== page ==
Edited to add: A little over a year after we first had this discussion, Indyeah has written another post on the Freedom of Expression. Not much has changed in this one year – at least not for the better. Both the editor and publisher of The Statesman were arrested in Kolkata for reprinting a certain article, a certain word was beeped out of a song in the film Kaminey, Hussain accepted Qatari citizenzhip in the face of continued exile from his country and an article allegedly written by Taslima caused riots in Karnataka. We still have people rising in defence – rightly so – of Hussain’s Freedom of Expression. These very people seem a little reluctant to give Taslima – or the duo from The Statesman – the benefit of that same right.

The arguments of those condemning Taslima range from the ridiculous to the stupid. For instance, a few people claimed that as a guest in this country, she shouldn’t have written what she did. Let us, for a moment, concede this point, preposterous as the argument may be. But what about the right of an Indian newspaper – both the paper in Karnataka and The Statesman in Kolkata – to publish an article written by a foreign national?

Amidst renewed clamour for even more restrictions on our already constitutionally-curtailed right to the Freedom of Expression, something that has taken considerable beating from all kinds of goons and hooligans, it is absolutely critical that we safeguard and cherish that right. As I concluded in my post a year ago, this right is the only thing slowing our eventual transformation into a banana republic.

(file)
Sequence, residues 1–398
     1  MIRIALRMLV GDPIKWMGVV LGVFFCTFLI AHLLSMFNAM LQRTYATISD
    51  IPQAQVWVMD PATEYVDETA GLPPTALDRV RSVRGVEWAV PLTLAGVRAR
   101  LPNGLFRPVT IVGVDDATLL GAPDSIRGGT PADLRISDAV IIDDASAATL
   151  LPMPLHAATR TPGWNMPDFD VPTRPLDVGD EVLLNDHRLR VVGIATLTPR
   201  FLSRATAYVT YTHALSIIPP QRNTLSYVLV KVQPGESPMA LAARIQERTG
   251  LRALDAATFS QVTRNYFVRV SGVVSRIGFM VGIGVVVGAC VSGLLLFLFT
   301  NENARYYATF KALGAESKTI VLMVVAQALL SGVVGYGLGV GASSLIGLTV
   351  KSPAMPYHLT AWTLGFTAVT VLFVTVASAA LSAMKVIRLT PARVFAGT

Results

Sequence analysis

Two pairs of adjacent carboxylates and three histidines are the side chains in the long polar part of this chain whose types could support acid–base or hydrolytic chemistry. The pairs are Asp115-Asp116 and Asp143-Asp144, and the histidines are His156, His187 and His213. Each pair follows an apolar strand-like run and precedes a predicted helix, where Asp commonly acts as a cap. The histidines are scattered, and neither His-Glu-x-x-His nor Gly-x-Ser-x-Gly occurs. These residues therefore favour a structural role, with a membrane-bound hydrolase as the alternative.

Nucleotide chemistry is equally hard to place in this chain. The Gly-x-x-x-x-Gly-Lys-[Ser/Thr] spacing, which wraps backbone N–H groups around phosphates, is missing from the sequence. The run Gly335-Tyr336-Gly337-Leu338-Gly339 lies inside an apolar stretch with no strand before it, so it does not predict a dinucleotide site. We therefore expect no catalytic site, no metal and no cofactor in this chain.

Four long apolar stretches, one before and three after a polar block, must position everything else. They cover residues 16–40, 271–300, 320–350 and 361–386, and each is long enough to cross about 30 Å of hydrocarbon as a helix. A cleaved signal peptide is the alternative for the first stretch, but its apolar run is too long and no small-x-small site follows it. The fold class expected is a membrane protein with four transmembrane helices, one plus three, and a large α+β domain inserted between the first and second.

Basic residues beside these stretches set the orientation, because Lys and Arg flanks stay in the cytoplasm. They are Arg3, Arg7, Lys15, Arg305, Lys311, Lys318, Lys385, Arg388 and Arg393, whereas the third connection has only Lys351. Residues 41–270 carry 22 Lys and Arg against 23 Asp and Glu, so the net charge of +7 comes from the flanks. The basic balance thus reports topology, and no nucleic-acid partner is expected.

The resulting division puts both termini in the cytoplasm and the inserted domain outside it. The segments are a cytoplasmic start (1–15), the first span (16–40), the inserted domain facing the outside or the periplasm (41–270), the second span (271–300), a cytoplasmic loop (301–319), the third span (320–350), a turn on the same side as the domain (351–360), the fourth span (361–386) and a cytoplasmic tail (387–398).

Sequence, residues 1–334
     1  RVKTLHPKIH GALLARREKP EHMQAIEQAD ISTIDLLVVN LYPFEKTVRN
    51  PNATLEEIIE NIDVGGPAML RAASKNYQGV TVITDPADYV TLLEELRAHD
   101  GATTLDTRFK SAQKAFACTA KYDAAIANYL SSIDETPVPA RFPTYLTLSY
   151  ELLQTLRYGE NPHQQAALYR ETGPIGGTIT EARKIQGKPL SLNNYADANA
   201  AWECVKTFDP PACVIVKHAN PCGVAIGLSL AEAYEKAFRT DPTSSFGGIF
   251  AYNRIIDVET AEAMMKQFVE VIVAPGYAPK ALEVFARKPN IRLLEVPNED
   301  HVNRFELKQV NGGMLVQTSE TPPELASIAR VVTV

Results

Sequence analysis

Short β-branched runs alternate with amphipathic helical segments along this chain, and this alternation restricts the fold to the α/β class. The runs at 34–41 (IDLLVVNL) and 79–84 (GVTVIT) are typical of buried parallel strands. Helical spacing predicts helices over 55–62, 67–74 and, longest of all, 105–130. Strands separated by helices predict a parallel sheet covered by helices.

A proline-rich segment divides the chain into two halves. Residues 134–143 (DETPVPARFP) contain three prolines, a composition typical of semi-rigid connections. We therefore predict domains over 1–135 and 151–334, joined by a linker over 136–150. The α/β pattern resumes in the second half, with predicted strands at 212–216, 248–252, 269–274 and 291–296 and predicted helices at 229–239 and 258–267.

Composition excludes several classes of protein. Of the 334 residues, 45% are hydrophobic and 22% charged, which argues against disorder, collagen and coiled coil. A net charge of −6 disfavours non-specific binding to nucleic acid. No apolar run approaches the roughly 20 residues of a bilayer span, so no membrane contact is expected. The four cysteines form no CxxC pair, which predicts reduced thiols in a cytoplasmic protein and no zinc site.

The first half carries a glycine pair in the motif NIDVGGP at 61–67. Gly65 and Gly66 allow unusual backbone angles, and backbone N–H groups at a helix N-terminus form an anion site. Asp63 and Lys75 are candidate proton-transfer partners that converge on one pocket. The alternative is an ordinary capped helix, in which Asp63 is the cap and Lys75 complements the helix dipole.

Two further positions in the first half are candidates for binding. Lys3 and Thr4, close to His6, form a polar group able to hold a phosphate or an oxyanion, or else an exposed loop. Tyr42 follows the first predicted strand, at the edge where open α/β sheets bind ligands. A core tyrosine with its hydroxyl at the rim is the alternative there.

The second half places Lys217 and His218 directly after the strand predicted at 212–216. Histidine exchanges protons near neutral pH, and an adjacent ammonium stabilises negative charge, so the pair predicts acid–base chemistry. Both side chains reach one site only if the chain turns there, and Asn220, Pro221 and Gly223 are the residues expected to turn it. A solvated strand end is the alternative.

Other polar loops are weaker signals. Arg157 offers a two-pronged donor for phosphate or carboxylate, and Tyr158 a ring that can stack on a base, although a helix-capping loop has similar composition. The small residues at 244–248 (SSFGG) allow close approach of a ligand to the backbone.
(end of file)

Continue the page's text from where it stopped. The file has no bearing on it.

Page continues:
Unfortunately, we seem to have made rapid strides in that direction in this one year.


Indyeah wrote two passionate posts on why the freedom of expression should be restricted so as to not offend certain people. I left a comment on her blog, but had some further thoughts, so I may as well write on it here. I wrote:

“I agree, freedom should be accompanied by responsibility. However, the responsibility can never be ‘forced’. If I were to give my position in one line it is this: Your freedom of expression has more value than my right not to get offended.

I might disagree with your statements, your books, your drawings, your views. But I cannot deny you the right to have that freedom. I might not allow it on my blog (because that’s my property), but I will never question the freedom you have to put it on yours, or the freedom of other people who show the stuff on their blogs/newspapers/channels.

Freedom of speech and expression can never be compromised. Because once you compromise and give in to one pressure group – however loud or violent their methods, or however hurt they may be – you have opened the doors for everyone else to come in. And that is the end of freedom. Yesterday it was Rushdie, MF Hussain, Taslima Nasrin. Today you have objections to Water, Fire, Deshdrohi, the term “Slumdog”, and the term “Barber”. Tomorrow it might be something equally stupid. Once you give in to one group, and compromise, what reason can you give other groups? That their offended feelings are not good enough? Where do you draw the line?

Every freedom, every liberal principle derives from the freedom of expression. Take it away once, and you are already rolling downhill towards intolerance. India is a prime example.

And for all those who are offended: please don’t watch the films, read/buy/gift the books, view the cartoons, see/buy/gift the paintings, or put up links to those on your blogs. But you can’t stop the person from his right to have that opinion, and the rights of others to publish or display it.